Figure 1: Univariate correlations of all variables in T2DM patients.
Table 2: Multivariate linear regression analysis between serum ecSOD activity (dependent variable) and clinical characteristics (independent variables).

Compared with the NDR group (118.0 ± 11.5 U/mL), the serum ecSOD activity was significantly decreased in the DR group (106.4 ± 12.3 U/mL, ). By multivariate logistic regression analysis, duration of T2DM (OR = 1.076, ), SBP (OR = 1.029, ), HbA1c (OR = 1.241, ), and serum ecSOD activity (OR = 0.920, ) were the independent and significant risk factors of DR in T2DM patients (Figure 2). Data (data2.csv) and R codes of Figure 2 are given in Supplemental Materials. As shown by the ROC curve (Figure 3(a)), DR could be identified with a sensitivity of 54.2% at a specificity of 80.8% (AUC = 0.744, 95% CI 0.682–0.806) by serum ecSOD activity (cutoff value = 108.5 U/mL) in our study population.

Figure 2: Risk factors of DR nomogram (code of sex [1: male, 2: female]). (To use the nomogram, an individual patient’s value is located on each variable axis, and a line is drawn upward to determine the number of points received for each variable value. The sum of these numbers is located on the total points’ axis, and a line is drawn downward to the risk of DR’s axes to determine DR risk.)
Figure 3: Receiver operating characteristic (ROC) curve of serum ecSOD activity in identification of T2DM patients with DR (a), NPDR (b), and PDR (c).

Figure 4 shows a significantly decreased trend of serum ecSOD activity among NDR subjects (118.0 ± 11.5 U/mL) compared to NPDR subjects (108.5 ± 11.9 U/mL) () and NPDR subjects compared to PDR subjects (102.7 ± 12.4 U/mL) (). NPDR could be identified with a sensitivity of 84.8% at a specificity of 44.3% (AUC = 0.703, 95% CI 0.626–0.781) by serum ecSOD activity (cutoff value = 118.5 U/mL) (Figure 3(b)), and PDR could be identified with a sensitivity of 61.5% at a specificity of 89.3% (AUC = 0.816, 95% CI 0.733–0.900) by serum ecSOD activity (cutoff value = 105.5 U/mL) (Figure 3(c)).

Figure 4: Serum ecSOD activity (mean ± SD) in the nondiabetic retinopathy (NDR) group, nonproliferative diabetic retinopathy (NPDR) group, and proliferative diabetic retinopathy (PDR) group.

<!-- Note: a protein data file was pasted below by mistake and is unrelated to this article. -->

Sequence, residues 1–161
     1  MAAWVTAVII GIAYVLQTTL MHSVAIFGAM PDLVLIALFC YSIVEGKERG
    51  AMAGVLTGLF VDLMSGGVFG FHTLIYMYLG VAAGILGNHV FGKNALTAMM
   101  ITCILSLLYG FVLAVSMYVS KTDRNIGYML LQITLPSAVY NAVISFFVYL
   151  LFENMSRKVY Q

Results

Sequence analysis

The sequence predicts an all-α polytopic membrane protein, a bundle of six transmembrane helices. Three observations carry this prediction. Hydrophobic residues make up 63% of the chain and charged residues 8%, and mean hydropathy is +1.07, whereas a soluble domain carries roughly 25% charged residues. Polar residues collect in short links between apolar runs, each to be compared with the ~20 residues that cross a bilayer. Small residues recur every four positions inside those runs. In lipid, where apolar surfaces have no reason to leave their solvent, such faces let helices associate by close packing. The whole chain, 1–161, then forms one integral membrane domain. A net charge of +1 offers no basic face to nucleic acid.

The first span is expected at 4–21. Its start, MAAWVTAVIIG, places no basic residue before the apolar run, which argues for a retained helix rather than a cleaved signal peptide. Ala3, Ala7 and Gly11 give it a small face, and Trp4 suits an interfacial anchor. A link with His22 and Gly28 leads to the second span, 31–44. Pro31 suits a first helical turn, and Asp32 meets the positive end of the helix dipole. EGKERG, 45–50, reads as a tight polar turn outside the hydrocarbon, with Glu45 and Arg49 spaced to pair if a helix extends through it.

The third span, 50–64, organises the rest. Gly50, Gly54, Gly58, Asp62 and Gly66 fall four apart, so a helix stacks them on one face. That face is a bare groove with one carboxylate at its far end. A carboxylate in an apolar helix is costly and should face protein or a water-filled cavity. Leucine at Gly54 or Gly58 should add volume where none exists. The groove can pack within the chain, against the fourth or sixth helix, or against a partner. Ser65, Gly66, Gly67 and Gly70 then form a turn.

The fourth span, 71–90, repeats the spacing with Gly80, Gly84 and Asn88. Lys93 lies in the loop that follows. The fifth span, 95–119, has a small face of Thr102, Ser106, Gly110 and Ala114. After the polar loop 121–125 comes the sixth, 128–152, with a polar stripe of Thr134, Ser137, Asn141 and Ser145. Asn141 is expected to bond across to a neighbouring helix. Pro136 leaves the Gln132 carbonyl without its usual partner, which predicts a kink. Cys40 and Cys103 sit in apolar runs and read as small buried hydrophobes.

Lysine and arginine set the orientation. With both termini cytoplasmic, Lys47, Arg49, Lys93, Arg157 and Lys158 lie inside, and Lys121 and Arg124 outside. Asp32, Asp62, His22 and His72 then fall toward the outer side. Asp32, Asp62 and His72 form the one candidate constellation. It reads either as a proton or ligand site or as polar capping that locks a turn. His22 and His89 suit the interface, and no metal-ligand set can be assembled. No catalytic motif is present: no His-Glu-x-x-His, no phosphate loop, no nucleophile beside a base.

4. Discussion

In this study, a high level of HbA1c and FPG had been found in all groups, with the DR group having a greater increase as a consequence of poorly controlled glycemia in these subjects. Although the mechanisms of how increased glucose levels contribute to DR have not been fully elucidated, hyperglycemia-induced oxidative stress is considered an important cause. The present study investigated the possible relationship between serum ecSOD activity and other variables in Chinese T2DM patients. The data indicated that serum ecSOD activity was negatively correlated with age, duration of T2DM, HbA1c, CYS-C, Cr, and BUN, thus suggesting that the decreased serum ecSOD activity was associated with poor glycemic control and the development of microvascular damage. We observed a positive correlation between serum ecSOD activity and TG, TC, and LDL-C, which is in agreement with the previous report by Gómez-Marcos et al. [15]. However, further studies are required to elucidate the mechanism behind their associations.

Controversial reports on changes in serum/plasma ecSOD activity of T2DM patients have been published. In some, a decrease in the activity was observed [16], whereas in others an increase was reported [17, 18]. In this study, a significant decrease in serum ecSOD activity in T2DM patients and a substantial reduction in the DR group were observed, according to the reference range of serum ecSOD activity (129–216 U/mL) in our laboratory. In a previous literature [19], the glycation of the enzyme had been reported to occur frequently in diabetes with poor glycemic control. The high level of HbA1c and FPG had been found in this study population, especially in the PDR group. Thus, one possible consideration is that the glycation decreases the serum ecSOD activity.

Conventional risk factors of DR such as diabetes duration, HbA1c, and SBP have been found in our population by multivariate logistic regression analysis [20, 21]. Furthermore, we observed that serum ecSOD activity was also an independent risk factor of DR. DR could be identified with a sensitivity of 54.2% at a specificity of 80.8% (AUC = 0.744) by serum ecSOD activity (cutoff value = 108.5 U/mL) in our study population. Our finding suggests that serum ecSOD activity might be a biomarker for DR screening in T2DM patients.